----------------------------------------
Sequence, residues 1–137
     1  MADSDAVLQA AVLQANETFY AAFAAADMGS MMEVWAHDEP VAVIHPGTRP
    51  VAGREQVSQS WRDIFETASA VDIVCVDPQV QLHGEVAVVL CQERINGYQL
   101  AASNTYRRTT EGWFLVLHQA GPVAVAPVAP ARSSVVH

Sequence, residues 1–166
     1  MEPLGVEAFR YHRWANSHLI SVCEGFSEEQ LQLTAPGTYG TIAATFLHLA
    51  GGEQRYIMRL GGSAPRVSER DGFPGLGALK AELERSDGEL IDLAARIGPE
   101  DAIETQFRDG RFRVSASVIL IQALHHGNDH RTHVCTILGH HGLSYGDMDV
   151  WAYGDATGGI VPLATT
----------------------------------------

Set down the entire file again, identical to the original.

Sequence, residues 1–137
     1  MADSDAVLQA AVLQANETFY AAFAAADMGS MMEVWAHDEP VAVIHPGTRP
    51  VAGREQVSQS WRDIFETASA VDIVCVDPQV QLHGEVAVVL CQERINGYQL
   101  AASNTYRRTT EGWFLVLHQA GPVAVAPVAP ARSSVVH

Sequence, residues 1–166
     1  MEPLGVEAFR YHRWANSHLI SVCEGFSEEQ LQLTAPGTYG TIAATFLHLA
    51  GGEQRYIMRL GGSAPRVSER DGFPGLGALK AELERSDGEL IDLAARIGPE
   101  DAIETQFRDG RFRVSASVIL IQALHHGNDH RTHVCTILGH HGLSYGDMDV
   151  WAYGDATGGI VPLATT